FMT inversion using XCT image priors without strong anatomy function correlations

Fluorescence molecular tomography (FMT) is a relatively new optical imaging modality that uses fluorescent markers that accumulate in specific regions, to monitor cellular and subcellular functional activity in-vivo in small animals. In FMT, near-infrared (NIR) light sources at excitation wavelength are directed to the animal body at different projection angles. The excitation light travels diffusely into the tissue and part of the photons are absorbed by fluophores, which re-emit part of the light at a longer wavelength. Then, both the excitation and fluorescence projected light intensities are measured using a charge-coupled device (CCD) camera placed opposite the source. These multiple projections are combined to obtain the distribution of fluophore concentration. However, due to the diffusive nature of light propagation in biological tissue the image reconstruction is an ill-posed inverse problem, and in addition, it is also underdetermined. Hence, in order to obtain a stable and meaningful solution one has to use regularisation methods. Prior structural anatomical information from X-ray computer tomography (XCT) images can be incorporated into the reconstruction to improve optical imaging performance. However, some image priors may lead to biased solutions. We aim to develop and analyse the performance of different priors, which improve the accuracy of the FMT problem without biasing the solution.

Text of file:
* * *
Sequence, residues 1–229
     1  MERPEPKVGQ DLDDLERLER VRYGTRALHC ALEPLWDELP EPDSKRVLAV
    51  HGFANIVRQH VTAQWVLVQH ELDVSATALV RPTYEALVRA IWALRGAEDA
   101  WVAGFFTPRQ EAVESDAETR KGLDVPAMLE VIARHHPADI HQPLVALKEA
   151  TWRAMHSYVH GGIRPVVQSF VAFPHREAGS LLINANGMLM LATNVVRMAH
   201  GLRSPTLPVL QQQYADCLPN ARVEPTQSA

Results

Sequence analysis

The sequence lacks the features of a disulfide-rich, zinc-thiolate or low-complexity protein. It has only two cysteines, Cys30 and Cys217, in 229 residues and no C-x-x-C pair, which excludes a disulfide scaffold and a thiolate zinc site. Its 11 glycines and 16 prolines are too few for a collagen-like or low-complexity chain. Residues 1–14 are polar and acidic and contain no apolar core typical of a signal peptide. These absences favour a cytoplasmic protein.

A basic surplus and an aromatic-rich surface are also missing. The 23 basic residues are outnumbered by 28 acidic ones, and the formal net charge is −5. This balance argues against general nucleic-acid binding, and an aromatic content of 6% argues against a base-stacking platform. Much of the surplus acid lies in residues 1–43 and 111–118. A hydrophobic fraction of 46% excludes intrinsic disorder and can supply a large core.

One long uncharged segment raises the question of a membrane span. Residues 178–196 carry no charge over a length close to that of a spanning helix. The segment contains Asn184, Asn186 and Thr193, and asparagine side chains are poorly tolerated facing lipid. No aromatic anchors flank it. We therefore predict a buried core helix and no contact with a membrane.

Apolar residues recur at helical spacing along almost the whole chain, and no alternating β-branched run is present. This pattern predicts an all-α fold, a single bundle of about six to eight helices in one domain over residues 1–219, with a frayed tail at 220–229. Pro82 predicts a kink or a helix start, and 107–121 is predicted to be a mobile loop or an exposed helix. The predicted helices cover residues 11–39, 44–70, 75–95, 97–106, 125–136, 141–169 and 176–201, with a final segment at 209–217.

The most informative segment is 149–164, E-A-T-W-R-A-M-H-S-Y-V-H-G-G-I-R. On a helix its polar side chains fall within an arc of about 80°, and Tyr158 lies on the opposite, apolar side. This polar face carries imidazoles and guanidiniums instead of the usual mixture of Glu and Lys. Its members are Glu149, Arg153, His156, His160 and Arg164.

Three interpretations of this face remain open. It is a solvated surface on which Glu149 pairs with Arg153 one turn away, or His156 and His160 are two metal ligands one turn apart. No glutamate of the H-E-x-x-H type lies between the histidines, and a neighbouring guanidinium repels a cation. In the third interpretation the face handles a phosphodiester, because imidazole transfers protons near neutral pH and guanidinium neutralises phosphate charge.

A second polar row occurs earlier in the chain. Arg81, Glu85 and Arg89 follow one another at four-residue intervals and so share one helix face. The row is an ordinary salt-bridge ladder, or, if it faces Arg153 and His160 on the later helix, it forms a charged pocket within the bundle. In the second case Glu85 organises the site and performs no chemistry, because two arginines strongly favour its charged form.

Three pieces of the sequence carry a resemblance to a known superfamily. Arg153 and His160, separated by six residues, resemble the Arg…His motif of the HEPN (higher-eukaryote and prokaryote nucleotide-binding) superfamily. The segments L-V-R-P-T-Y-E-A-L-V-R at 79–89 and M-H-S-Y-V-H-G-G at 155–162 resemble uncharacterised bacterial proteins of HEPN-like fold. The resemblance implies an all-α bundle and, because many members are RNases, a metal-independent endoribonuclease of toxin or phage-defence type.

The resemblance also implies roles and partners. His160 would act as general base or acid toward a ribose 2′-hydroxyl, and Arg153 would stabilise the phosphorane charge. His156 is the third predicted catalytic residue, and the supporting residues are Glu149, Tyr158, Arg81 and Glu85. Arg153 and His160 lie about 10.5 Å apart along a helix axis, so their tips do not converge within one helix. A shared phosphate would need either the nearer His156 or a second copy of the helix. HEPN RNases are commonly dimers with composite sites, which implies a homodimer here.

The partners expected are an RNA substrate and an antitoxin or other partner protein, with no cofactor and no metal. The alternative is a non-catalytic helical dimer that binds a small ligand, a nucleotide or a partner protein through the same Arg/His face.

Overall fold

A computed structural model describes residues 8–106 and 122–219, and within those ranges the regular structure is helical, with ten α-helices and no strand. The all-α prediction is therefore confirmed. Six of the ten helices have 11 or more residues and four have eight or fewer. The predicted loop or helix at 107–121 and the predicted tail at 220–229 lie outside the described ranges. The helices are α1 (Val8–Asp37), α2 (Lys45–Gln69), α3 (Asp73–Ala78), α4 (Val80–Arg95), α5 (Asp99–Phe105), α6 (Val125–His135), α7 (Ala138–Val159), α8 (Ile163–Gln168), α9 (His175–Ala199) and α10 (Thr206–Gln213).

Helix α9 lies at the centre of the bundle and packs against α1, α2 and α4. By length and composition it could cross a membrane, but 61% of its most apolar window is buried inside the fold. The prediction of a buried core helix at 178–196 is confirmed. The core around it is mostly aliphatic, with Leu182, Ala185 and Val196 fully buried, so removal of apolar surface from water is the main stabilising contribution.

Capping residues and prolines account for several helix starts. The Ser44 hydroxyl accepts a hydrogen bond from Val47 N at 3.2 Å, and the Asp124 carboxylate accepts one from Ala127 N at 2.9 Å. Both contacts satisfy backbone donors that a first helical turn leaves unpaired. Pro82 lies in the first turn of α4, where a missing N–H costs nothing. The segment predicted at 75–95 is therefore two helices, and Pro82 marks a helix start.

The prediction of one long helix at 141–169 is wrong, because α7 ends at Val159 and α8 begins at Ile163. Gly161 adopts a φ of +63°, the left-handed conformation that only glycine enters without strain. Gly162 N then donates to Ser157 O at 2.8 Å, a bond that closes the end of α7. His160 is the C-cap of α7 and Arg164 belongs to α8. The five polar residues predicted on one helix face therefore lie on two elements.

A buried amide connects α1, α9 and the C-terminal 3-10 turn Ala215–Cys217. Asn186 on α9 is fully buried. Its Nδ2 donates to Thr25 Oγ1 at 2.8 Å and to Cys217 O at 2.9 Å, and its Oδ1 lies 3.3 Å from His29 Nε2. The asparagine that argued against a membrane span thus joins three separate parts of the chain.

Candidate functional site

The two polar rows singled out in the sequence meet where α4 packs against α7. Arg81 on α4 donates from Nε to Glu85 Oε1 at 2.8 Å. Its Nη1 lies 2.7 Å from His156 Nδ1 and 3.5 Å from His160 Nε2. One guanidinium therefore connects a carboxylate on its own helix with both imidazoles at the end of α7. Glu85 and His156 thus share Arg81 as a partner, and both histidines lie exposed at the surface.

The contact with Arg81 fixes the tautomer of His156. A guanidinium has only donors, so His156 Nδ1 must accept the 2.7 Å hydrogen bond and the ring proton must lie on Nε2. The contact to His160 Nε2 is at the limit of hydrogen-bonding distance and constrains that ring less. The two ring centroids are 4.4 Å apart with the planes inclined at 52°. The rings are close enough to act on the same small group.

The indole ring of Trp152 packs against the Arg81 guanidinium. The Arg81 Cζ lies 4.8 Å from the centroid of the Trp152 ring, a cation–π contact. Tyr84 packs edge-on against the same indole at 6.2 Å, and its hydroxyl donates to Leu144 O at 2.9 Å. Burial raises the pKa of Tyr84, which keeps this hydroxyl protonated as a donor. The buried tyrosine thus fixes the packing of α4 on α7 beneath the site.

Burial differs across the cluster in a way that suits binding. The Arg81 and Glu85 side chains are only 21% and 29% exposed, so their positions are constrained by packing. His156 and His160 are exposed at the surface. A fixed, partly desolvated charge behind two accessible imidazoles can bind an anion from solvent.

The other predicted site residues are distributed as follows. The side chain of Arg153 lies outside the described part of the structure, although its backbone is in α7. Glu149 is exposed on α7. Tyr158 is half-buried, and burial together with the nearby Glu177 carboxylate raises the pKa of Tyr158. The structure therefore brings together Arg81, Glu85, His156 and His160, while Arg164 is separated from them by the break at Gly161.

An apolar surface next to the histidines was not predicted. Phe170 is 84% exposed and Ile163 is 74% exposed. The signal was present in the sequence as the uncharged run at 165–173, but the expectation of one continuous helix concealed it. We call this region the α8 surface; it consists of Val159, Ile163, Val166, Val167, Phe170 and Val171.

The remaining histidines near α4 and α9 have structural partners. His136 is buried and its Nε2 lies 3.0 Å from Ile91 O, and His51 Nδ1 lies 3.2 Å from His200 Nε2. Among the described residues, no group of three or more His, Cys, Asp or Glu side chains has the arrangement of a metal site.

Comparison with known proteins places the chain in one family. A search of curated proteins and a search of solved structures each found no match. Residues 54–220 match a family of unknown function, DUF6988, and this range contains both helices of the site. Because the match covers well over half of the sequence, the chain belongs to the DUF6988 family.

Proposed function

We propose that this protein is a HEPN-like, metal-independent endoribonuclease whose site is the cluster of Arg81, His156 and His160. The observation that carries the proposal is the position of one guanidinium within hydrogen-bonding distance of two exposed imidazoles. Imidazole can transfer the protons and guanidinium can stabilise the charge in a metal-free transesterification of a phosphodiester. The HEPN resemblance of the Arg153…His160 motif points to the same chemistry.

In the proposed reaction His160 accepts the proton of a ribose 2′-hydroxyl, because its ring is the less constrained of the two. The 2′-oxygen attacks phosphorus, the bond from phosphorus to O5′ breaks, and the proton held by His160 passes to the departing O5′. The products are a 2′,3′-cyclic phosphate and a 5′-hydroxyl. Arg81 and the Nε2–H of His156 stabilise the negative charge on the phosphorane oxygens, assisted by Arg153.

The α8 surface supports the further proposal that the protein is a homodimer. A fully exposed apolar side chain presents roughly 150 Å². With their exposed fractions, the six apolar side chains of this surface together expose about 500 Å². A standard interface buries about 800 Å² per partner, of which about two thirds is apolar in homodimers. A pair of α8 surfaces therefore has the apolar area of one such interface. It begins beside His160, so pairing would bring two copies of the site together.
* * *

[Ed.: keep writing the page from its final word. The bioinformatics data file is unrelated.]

This work is part of the European project FMT-XCT.